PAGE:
In the novel one of the main characters, John the Savage, is introduced into what he describes as a Brave New World. Prior to his introduction he was raised by his mother in a Reservation in New Mexico. When Bernard Marx and his date Lenina Crowne travel to the Reservation for a vacation, they meet John and his mother, Linda. Bernard is intrigued by them, especially after he discovers that John's estranged father is none other than the D.H.C. Bernard decides to bring the two of them back with him to London. Tragedy, death and confusion lead John the Savage to suicide. He has many interpretations of the Brave New World which cause him to take his own life.
Although the Brave New World is thought by its inhabitants to be a utopia, it is actually a loveless and sinister place where happiness is solely derived from mass produced goods, promiscuous sex, "the feelies", and soma- a pleasure drug, and everyone is, as Lenina says, "happy now". Rather than having God as their supreme power, they bow to Henry Ford, the inventor of the assembly line. Their time is counted in years after Ford"s death, and instead of the sign of the cross they use the T which represents Ford's T-model. No one gets married or even falls in love, and no one has parents besides the government. Humans are produced on an assembly line and are pre-destined into 5 caste systems, Alphas, Betas, Gammas, Deltas, and Epsilons. Sex is never monogamous and is actually seen as more extraordinary the more partners one has. There are few places on earth where unconditioned humans are literally contained, called Reservations. When two of the main characters, Bernard and Lenina, travel to one and bring home two savages, everyone's lives are changed as a result. .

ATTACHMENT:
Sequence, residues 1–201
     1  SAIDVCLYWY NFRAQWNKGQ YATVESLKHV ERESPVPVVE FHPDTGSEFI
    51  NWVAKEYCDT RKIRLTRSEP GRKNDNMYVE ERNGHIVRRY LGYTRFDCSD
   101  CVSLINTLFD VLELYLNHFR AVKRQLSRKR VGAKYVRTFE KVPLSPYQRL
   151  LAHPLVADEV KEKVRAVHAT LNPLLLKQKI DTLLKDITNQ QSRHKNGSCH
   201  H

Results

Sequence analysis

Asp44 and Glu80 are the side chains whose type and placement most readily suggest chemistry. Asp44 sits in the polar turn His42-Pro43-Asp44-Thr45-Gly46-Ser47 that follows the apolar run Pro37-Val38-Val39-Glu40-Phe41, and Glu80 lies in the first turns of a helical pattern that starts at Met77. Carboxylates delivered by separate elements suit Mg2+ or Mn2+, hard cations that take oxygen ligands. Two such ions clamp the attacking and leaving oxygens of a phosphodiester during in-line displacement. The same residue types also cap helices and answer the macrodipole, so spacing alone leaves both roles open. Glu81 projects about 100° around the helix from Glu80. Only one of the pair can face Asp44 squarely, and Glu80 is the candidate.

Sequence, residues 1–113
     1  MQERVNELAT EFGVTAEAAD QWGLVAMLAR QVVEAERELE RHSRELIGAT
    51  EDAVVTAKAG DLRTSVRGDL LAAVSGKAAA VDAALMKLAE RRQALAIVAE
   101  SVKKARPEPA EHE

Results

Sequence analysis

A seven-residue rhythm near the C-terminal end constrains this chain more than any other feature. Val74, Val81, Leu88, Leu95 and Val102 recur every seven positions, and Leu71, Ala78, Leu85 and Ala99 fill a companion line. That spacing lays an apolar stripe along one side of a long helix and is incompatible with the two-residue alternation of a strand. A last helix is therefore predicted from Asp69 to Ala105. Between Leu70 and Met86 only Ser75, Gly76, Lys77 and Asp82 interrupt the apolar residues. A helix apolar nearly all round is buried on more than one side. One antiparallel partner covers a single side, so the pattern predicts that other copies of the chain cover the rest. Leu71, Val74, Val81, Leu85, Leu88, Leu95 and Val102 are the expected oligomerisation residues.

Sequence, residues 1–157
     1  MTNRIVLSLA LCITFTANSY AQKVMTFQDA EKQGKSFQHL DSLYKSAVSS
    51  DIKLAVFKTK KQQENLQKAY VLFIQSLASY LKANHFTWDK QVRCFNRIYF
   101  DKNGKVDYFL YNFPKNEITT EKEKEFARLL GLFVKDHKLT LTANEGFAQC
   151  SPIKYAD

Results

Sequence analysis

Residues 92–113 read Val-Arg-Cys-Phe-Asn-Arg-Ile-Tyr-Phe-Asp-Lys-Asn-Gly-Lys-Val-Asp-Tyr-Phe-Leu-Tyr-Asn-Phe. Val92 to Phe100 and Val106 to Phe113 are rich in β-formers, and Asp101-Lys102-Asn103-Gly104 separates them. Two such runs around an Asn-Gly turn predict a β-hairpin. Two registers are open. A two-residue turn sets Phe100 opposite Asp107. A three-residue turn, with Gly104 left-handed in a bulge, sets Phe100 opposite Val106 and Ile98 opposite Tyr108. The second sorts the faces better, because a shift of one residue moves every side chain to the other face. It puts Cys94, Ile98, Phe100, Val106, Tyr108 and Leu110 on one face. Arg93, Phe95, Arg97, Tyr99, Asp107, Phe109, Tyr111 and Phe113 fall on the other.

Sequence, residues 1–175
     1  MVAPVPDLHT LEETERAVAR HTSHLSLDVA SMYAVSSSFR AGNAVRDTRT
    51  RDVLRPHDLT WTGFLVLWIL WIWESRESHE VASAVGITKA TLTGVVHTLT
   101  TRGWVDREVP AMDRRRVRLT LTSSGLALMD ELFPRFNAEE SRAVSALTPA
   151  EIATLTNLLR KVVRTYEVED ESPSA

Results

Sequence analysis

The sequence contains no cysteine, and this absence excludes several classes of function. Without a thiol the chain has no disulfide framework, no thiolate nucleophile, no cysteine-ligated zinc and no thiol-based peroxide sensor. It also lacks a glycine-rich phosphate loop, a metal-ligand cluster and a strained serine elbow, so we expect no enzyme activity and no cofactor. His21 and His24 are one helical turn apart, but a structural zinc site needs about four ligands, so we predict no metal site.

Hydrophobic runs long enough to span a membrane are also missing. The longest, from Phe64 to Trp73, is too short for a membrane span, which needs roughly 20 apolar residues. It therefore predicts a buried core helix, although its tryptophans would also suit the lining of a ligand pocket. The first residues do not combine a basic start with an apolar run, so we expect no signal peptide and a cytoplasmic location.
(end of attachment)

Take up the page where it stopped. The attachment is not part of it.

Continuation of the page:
Bernard is regarded with forged respect and appreciation for his relation to the Savage which everyone in the Brave New World is so bewitched by. Lenina falls into an oblivious love with John.